Legal Resources We Recommend
The American Civil Liberties Union is the nation's guardian of liberty, working daily in courts, legislatures and communities to defend and preserve the individual rights and liberties guaranteed to all people in this country by the Constitution and laws of the United States.
Constitutional expert Pamela Karlan looks at Supreme Court decisions as the reflection — not the cause — of progressive social change in America, from school desegregation to interracial marriage, and asks: "How does this history—this interplay between courts and democratic politics—bear on the question of marriage equality?"
Beware the Undissolved Civil Union: Massachusetts’ Highest Court Says That A Subsequent Marriage is Polygamy
This 21 August 2012 article by Joanna L. Grossman in the Family Law section of Justia.com addresses the case Elia-Warnken v. Elia.
This guide helps to explain the different approaches that same-sex couples can take in getting a mortgage, establishing ownership of a home and other legal issues.
New England's leading legal rights organization dedicated to ending discrimination based on sexual orientation, HIV status and gender identity and expression.
Gay Marriage: Legal and Constitutional Issues
Resources available in or through the Ithaca College Library that should help you explore and research the topic of gay marriage, especially as it is related to legal and constitutional issues.
The National Center for Lesbian Rights is a national legal resource center committed to advancing the rights and safety of lesbian, gay, bisexual, and transgender people and their families through litigation, public policy advocacy, and public education.
Perry v. Schwarzenegger and the Future of Same-Sex Marriage Law
By Clifford J. Rosky, Associate Professor of Law, University of Utah College of Law; published in 53 Ariz. L. Rev. 913 (2011); awarded the Dukeminier Award and the Michael Cunningham Prize. In August 2010, Chief Judge Vaughn Walker of Northern District of California held that Proposition 8, which amended the California Constitution to revoke same-sex couples’ freedom to marry, violates the Due Process and Equal Protection Clauses of the Fourteenth Amendment. Building on important but neglected aspects of this historic decision, Professor Rosky’s article, originally published in the Arizona Law Review, develops three new constitutional arguments for same-sex marriage. First, it shows how a historical account of the demise of sex discrimination in marriage law supports the claim that same-sex couples have a fundamental ‘right to marry’ under the Due Process Clause. Second, it argues that fears about exposing children to homosexuality cannot justify same-sex marriage bans because the state has no interest in inculcating heterosexuality. Third, it proposes that the Fourteenth Amendment’s prohibition of morality as a legitimate rationale for same-sex marriage bans mirrors the First Amendment’s requirement that laws have a “secular purpose.” These insightful readings of Perry v. Schwarzenegger show that, whatever becomes of Proposition 8, gay rights advocates would do well in future same-sex marriage litigation to revisit the doctrinal ground mapped in Chief Judge Walker’s opinion.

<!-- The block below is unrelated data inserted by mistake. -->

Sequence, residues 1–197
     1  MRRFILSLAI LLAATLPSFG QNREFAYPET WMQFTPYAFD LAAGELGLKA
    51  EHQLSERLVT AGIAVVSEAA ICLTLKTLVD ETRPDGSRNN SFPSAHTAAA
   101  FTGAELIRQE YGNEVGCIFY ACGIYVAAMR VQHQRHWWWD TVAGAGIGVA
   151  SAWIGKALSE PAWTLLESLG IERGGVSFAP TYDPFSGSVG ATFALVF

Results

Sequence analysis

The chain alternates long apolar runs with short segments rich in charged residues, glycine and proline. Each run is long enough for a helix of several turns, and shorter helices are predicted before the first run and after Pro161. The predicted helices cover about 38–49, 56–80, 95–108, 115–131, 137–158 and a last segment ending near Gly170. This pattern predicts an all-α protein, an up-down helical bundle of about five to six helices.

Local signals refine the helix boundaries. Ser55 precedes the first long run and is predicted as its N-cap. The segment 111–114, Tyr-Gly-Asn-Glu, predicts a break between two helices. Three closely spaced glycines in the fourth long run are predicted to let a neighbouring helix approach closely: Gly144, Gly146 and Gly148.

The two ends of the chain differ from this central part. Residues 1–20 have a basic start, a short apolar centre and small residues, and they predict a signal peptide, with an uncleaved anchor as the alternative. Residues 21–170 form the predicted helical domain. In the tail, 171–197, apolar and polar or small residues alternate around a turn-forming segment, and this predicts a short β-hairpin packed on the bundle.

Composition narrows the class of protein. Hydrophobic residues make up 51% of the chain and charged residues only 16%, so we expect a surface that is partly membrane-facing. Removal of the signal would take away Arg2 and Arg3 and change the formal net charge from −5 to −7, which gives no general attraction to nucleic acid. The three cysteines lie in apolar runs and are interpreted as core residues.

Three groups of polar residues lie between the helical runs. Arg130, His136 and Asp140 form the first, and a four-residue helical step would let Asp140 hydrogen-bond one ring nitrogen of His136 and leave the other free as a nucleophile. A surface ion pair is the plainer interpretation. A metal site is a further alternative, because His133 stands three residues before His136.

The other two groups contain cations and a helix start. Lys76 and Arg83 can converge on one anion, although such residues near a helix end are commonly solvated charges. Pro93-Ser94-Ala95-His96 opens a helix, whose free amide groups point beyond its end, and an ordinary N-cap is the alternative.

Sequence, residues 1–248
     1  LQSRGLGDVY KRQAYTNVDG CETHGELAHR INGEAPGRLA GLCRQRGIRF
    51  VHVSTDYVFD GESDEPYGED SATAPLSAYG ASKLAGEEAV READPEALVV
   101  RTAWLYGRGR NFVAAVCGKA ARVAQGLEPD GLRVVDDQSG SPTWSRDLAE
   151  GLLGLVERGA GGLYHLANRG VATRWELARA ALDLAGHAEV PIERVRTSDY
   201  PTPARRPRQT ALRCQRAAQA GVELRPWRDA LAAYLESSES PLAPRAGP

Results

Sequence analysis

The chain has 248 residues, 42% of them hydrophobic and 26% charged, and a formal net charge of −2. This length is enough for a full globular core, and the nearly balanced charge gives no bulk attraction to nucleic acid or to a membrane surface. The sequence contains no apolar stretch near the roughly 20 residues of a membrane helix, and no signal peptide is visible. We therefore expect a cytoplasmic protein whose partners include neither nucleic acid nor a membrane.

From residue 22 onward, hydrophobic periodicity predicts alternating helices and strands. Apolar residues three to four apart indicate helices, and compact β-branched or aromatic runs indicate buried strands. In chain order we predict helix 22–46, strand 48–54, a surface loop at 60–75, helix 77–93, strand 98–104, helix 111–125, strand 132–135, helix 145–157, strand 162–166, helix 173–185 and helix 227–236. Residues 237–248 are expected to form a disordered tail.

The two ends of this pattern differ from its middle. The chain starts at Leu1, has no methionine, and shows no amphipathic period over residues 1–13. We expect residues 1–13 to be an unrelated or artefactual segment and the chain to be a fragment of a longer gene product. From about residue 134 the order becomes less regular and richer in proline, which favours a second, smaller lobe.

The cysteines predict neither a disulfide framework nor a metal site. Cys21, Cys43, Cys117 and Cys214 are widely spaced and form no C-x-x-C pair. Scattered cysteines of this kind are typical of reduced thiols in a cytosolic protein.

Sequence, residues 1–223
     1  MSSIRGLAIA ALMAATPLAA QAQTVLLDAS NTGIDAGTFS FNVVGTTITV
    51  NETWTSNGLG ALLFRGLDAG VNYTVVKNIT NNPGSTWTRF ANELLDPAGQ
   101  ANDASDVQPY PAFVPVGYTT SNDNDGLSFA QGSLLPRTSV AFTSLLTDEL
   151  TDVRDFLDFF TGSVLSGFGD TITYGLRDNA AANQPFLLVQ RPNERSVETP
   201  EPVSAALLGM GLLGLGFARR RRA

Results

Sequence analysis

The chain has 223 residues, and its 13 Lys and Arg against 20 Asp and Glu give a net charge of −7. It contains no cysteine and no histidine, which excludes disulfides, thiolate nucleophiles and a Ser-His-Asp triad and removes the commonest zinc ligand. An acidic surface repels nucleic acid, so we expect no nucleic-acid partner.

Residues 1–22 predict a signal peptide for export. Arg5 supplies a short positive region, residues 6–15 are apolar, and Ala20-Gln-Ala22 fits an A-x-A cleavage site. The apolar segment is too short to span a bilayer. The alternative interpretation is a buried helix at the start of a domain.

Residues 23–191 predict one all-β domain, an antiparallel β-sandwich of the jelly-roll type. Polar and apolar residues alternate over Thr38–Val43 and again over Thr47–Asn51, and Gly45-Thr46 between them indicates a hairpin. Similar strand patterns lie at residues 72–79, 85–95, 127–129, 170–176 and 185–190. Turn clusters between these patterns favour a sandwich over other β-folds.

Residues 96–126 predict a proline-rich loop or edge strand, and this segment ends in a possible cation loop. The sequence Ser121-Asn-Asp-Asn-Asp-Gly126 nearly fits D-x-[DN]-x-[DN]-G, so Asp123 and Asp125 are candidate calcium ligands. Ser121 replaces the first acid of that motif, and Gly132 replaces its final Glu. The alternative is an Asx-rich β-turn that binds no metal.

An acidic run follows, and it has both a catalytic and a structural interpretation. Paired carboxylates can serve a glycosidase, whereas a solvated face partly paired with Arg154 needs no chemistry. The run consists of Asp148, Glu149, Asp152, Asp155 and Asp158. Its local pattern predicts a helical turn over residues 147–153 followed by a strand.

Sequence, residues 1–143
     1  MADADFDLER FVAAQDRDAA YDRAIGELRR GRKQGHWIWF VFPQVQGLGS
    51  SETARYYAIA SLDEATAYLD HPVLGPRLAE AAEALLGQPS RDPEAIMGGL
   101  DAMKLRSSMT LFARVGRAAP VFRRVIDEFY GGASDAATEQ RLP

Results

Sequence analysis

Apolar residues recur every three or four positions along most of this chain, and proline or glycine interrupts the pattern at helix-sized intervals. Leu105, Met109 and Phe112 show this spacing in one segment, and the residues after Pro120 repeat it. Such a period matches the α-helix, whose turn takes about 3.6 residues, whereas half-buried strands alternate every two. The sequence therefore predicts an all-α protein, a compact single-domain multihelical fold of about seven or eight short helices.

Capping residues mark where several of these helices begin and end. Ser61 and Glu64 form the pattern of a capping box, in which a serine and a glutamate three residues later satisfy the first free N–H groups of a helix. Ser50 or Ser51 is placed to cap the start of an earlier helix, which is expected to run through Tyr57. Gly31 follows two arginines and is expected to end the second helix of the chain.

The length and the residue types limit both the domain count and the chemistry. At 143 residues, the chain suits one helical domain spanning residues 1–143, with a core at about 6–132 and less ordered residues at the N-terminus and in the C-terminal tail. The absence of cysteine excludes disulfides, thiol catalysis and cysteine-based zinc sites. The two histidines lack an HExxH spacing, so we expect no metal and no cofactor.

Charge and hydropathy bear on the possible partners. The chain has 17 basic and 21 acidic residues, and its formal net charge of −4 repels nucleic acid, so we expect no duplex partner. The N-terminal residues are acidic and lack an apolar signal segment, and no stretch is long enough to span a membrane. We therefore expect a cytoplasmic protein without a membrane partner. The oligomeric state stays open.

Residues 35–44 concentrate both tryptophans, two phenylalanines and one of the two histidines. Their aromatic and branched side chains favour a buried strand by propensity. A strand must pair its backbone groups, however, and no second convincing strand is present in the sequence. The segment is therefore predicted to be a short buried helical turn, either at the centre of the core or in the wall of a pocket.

Same-Sex Marriage: A Selective Bibliography of the Legal Literature
From the Law Library at Rutgers University; compiled by Paul Axel-Lute; originally published in September 2002 and last updated 5 June 2012.
The Same-Sex Planning Tool provided by nerdwallet helps couples navigate the maze of state and federal laws that govern marriage for LGBT couples. The tool outlines the 7 essential legal documents for couples wanting to protect themselves, as well as key financial and tax considerations facing same-sex couples.
The Williams Institute advances sexual orientation law and public policy through rigorous, independent research and scholarship, and disseminates it to judges, legislators, policymakers, media and the public. A national think tank at UCLA Law, the Williams Institute produces high quality research with real-world relevance. Experts at the Williams Institute have authored dozens of public policy studies and law review articles, filed amicus briefs in key court cases, provided expert testimony at legislative hearings, been widely cited in the national media, and trained thousands of lawyers, judges and members of the public. By providing new ideas and reliable information, the Williams Institute makes a difference.
Winning Through Losing
By Douglas NeJaime, Associate Professor of Law, Loyola Law School; published in 96 Iowa L. Rev. 941 (2011); won the Dukeminier Award and also awarded the Stu Walter Prize. Professor NeJaime’s article, originally published in the Iowa Law Review, departs from scholars’ traditional focus on the effects of litigation victory and instead explores the surprisingly productive function of litigation loss. Analyzing how LGBT rights lawyers integrate loss into their multidimensional approach to advocacy, Professor NeJaime shows that, by exposing the limits and constraints of court-centered change, litigation loss may be leveraged to mobilize constituents and galvanize decision-makers in other institutional arenas. The article’s account of these counterintuitive results contributes mightily to our understanding of litigation’s constitutive effects on social movements and deepens our appreciation of courts’ place among the institutional venues in which movement lawyers operate. Professor NeJaime’s analysis of litigation loss does not suggest a turn away from courts but instead calls for a savvy, nuanced approach to litigation’s complicated and contingent role in broader processes of social change.